Tuesday, March 26, 2013

Sheen and Mary


I've written quite a bit about Mary this year, (like here and here and here).

Fulton Sheen loved Mary.  He dedicated every one of his 66 books to her, spoke often of her, and taught others to know her.

Was he making a "mountain out of a mole hill"?  Practicing idolatry? Losing sight of Christ in focusing on His Mother?  No.  He was loving the Woman that Christ loved, learning from her example, and following Christ more closely because of it.

As he said:
"God, Who made the sun, also made the moon. The moon does not take away from the brilliance of the sun. All its light is reflected from the sun. The Blessed Mother reflects her Divine Son; without Him, she is nothing. With Him, she is the Mother of Men."

(Coincidentally, as we started taking about Mary, we were in the light section of our Science book, which talks about how every object that we can see either produces its own light or reflects from another sources.  Wove those two lessons together and had a ready-made journal topic!)
Fulton Sheen loved to teach others the prayer/poem "Lovely Lady Dressed in Blue." It is a sweet child's prayer written originally by Mary Dixon Thayer.  I added some of my artwork, and gave my students a copy to put in their Sheen Notebooks.
Click on the image below for the printable.
I also used this opportunity to cover some of the "basics" about Mary that are taught in a single chapter in our religion textbook.  The kids are at the point in the year that anything read to them out of a textbook goes in one ear and out the other, so I just took the info and presented it in a different way.  They all made these mini Mary fact books with info about terms relating to Mary, Mary in the Gospels, the Mysteries of the Rosary, Mary's Feast Days, and Names of Mary.  Click on this image for the printable.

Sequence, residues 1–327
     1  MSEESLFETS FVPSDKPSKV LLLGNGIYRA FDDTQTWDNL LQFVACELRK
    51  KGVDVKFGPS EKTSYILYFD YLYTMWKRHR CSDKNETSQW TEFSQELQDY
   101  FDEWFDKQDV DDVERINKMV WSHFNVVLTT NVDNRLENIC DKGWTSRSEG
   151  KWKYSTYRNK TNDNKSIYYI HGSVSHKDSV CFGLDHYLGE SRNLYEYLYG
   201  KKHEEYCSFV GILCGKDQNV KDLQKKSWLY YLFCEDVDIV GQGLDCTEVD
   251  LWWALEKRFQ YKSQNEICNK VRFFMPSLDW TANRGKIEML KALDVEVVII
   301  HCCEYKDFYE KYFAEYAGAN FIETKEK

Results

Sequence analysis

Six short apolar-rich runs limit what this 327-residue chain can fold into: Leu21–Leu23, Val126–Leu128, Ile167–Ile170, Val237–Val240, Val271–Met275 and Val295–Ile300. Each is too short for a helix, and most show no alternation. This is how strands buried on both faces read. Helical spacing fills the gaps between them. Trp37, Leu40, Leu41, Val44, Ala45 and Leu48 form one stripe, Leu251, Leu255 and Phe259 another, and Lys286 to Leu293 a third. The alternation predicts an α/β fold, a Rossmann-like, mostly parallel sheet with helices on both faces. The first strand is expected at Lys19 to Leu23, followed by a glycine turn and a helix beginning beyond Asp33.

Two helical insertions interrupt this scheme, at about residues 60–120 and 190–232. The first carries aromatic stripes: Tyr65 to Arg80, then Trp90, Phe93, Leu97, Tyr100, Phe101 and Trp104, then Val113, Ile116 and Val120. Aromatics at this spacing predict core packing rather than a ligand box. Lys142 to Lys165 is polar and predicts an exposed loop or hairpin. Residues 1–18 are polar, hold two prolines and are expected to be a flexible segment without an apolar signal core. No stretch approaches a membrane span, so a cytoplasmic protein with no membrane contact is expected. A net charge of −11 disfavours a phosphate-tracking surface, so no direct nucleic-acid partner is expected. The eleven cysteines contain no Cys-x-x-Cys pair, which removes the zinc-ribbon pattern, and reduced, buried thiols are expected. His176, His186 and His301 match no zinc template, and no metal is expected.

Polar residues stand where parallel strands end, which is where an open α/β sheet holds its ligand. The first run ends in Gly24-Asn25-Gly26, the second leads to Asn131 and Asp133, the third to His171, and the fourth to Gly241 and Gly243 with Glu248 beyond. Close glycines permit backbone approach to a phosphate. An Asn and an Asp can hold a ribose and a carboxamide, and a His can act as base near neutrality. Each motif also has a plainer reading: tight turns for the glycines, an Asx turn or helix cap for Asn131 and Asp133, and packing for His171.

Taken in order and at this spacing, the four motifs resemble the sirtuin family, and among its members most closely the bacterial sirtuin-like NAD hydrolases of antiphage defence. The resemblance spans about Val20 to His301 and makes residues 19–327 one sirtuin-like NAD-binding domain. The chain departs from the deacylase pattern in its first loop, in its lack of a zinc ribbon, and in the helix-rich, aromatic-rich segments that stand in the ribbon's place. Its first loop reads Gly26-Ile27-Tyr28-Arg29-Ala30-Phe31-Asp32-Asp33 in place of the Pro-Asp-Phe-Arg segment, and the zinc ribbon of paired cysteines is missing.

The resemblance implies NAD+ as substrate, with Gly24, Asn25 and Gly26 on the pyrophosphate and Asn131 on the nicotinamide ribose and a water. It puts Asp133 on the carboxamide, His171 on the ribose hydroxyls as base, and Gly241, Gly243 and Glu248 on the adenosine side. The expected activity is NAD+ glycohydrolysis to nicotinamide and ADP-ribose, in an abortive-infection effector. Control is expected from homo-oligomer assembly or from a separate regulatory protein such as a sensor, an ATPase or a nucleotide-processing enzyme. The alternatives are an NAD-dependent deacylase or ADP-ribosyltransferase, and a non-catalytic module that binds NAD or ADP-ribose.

They cut them out- FYI, I recommend only having kids cut out one "set" at a time- otherwise it is really easy to mix them up...which of course could be an entirely different challenge or assessment...but for our purposes I didn't want any lost pieces, so they cut out one at a time...

...and then stapled on one side to make an itty-bitty mini book...
...that easily opens to reveal info.
We then glued all of the mini books on blue paper in out notebooks.

This was also a good time to talk about why the color blue has a connection with Mary.  I just started the discussion with how they thought paint and dye was made hundreds of years ago. They were able to figure out that paint would be dyed with natural materials, and therefore blue must have been hard to make, and if it was hard to make, it would have been expensive.  Then, the students made the inference that you would only use blue paint on things you really valued, and so artists must have wanted to make the Blessed Mother as beautiful as possible.  The connection between blue and Mary has stuck to this day.

After these "fact activities," the kids were ready to talk about devotion to Mary and how she is a powerful intercessor for us.  Check back tomorrow for their favorite part of this project so far!

7 comments:

  1. I never knew that was why artists used blue for Mary!

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    1. I probably over simplified it, but it gets the point across!

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  4. I am really very interested in using these printables in our homeschool, but I just get a blank page when I click on the image. Is there another way to get them?

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    1. Hi Nicole! I checked, and both links are active. If you send me an email address, I can either email them to you or share them through google drive.

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    2. Maybe because I am trying to access them on my tablet? I would appreciate having them sent to me! Thank you so much! nicdan_ch(at)q(dot)com
      Blessings to you!

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